Dex Romweber: Carrboro

Videos by American Songwriter

Videos by American Songwriter

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Dex Romweber
Carrboro
(Bloodshot)
Rating: 4 out of 5 stars

If there is ever a Dexter Romweber coloring book, Crayola would have to invent a new crayon for it: “noir.”

Between his deep, baritone croon and predilection for dimly-lit rockabilly, spaghetti-western surf and back-alley, rain-drenched tones, it’s only a matter of time until some enterprising film director latches on to Romweber’s stylized music for a soundtrack. And they can start with any of the 13 tracks on this album, named after his hometown.

As a multi-instrumentalist adept with guitar, organ, piano and bass (six tracks here are performed solo with overdubs), Romweber is practically a one-man band. His early work in the stripped down guitar/drums Flat Duo Jets (and more recently the Dex Romweber Duo) predated and influenced Jack White and practically every act that emerged with that instrumentation afterwards. Here he mixes the lone-wolf approach of the 1957 country/blues obscurity “Lonesome Train” accompanied by only his ragged strumming acoustic guitar and overdubbed electric solo with the heavy reverb of his own ominous “Where Do You Roam?”, where he plays four instruments on a tune that explores the isolation and somewhat psychotic visions of a loner.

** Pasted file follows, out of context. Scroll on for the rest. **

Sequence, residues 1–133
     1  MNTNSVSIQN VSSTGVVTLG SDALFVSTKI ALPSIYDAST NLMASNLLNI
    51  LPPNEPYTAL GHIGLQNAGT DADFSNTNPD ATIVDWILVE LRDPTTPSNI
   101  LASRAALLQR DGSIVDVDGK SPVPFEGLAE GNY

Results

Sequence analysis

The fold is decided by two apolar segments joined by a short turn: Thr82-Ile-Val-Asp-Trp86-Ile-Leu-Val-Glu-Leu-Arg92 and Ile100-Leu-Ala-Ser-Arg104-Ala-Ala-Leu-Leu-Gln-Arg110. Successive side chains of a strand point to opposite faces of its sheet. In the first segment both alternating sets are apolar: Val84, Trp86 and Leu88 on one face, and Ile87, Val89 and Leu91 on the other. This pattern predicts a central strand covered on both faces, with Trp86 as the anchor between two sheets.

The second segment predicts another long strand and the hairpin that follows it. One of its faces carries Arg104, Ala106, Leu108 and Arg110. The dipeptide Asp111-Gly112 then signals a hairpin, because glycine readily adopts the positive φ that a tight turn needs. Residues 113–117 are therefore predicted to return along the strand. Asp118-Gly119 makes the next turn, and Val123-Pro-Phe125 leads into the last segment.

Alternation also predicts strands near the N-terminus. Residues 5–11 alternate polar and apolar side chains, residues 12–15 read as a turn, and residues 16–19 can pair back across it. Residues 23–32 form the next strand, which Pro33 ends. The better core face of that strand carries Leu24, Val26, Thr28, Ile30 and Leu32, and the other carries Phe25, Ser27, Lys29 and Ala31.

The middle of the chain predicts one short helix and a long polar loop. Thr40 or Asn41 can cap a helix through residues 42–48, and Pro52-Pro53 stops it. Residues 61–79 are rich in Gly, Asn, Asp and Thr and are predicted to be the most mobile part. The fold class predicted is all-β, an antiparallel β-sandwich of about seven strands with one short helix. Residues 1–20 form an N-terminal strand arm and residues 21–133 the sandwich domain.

He gets down and dirty on the Johnny Cash-in-hell approach of “Knock Knock (Who’s That Knockin’ on My Coffin Lid Door?)” and follows that with “Midnight at Vic’s” — one of the disc’s five instrumentals — with its stuttering echoed surf guitar custom made to accompany a chase scene in a Coen Brothers movie.

Someone needs to get this disc in the hands of Quentin Tarantino, who could surely put the swaggering “Nightride,” which sounds exactly as its title implies complete with ghostly backing female vocals and grinding sax, into one of his films. And certainly the brooding, ruminating cover of Findley Brown’s “I Had a Dream” or even the dark, austere piano and vocal version of Charlie Chaplin’s American Songbook standard “Smile” could be used as the credits roll by in some hip, arty indie flick. 

Through it all, Romweber’s intense rumble of a voice and unapologetically retro vision tie the slightly dissimilar threads together for a musky tapestry of an album whose subtitle could be “Color Me Noir.”

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